Democratizing Higher Education
Imagine if higher education was instantly attainable to anyone, anywhere in the world, and economics and societal constraints were no longer a barrier.
That future is already here, thanks to the University of the People, which is being billed as the world’s first tuition-fee, non-profit online academic institution. “The idea is to open the gates of higher education to everyone,” says UoPeople founder and president Shai Reshef, a speaker at DLDwomen, a July 11-12 conference in Munich.
UoPeople uses open-source technology and open education resources based on the Creative Commons license to provide peer-to-peer learning, helping pioneer the intersection of education and technology. Approximately 2,900 college professors – including some from prestigious universities such as Harvard, Oxford and Yale – are already signed up as volunteers to teach the 1,500 qualified high school graduates who have enrolled to date from 132 countries, says Reshef, an Israeli entrepreneur.
The potential is much bigger and could be game-changing. There is literally no room at traditional universities for the estimated 98 million students expected to seek a higher education by 2025, says Reshef. “If the growth of the world’s population continues as it is now there will not be enough seats for students so no university should feel we are a threat,” he says. “We are here to serve exactly that population.”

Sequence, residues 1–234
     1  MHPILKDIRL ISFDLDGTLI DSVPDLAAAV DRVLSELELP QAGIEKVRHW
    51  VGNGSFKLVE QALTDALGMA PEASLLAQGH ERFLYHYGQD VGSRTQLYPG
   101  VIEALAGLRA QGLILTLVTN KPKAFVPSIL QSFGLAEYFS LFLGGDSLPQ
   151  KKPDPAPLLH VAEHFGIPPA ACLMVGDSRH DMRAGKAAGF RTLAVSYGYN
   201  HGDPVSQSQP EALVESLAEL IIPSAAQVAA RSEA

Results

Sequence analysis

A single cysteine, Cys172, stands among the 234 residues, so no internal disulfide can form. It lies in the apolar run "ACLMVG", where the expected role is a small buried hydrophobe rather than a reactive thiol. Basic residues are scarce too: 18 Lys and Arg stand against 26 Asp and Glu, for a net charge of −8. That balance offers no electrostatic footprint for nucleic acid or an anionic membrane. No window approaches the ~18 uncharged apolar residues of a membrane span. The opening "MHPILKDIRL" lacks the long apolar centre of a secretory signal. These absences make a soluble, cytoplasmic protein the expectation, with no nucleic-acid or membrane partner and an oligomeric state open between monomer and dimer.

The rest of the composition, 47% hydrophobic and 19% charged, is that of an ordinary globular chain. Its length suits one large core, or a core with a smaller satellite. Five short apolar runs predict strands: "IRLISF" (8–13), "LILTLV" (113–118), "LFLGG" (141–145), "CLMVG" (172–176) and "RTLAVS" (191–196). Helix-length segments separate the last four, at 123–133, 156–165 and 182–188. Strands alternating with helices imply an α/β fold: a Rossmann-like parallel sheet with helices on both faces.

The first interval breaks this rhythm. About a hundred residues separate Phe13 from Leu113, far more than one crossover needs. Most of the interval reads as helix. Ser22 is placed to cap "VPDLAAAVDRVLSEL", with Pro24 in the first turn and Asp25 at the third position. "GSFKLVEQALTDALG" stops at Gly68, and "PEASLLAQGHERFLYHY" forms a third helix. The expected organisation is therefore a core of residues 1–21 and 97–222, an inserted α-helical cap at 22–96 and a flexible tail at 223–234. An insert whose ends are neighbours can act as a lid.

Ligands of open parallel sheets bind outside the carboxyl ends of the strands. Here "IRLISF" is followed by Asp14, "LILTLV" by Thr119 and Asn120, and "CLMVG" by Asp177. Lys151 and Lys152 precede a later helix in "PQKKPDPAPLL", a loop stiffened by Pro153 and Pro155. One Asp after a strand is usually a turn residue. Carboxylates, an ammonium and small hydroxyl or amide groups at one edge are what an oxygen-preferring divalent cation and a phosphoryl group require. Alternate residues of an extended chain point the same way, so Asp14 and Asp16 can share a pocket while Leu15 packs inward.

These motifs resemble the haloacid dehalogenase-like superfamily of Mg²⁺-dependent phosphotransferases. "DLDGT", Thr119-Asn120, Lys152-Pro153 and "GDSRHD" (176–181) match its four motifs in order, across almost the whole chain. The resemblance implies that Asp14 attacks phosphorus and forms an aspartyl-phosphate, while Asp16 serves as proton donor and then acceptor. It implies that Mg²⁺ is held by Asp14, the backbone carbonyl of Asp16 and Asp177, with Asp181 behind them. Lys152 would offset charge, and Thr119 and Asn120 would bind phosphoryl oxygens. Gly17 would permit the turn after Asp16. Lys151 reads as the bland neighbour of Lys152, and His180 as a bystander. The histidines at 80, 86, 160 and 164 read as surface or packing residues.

UoPeople can use the Internet culture of Facebook and social networking to reach an unlimited number of students across the globe. In June UoPeople announced that it has garnered more than one million supporters on Facebook. Facebook, is in fact, an integral part of the daily activity of UoPeople – as it is on campuses everywhere. Students network with each other on student-created University of People groups. No surprise there. The difference is that at U of People everything is done online, including admissions, course taking, exams, and graduation, and tuition is free.
To accomodate students in developing countries and disaster zones, UoPeople strives to use the simplest technology available. Some 20% of students access the site through dial-up connections so coursework is set up to accommodate those that can not access audio or video. Students taking a class are placed together in a virtual classroom with 20 or 30 others. That’s where they see what they are supposed to do every week: what to read and what homework they have. They meet in an online forum, where the peer-to-peer learning takes place. Each student has to pose an original question each week and respond to other student comments. The instructor intervenes when someone asks a question no one can answer or if someone says something that is wrong. At the end of each week, the students hand in assignments and take a quiz. After 10 weeks, they are given a final exam, get a grade for the course and move to the next.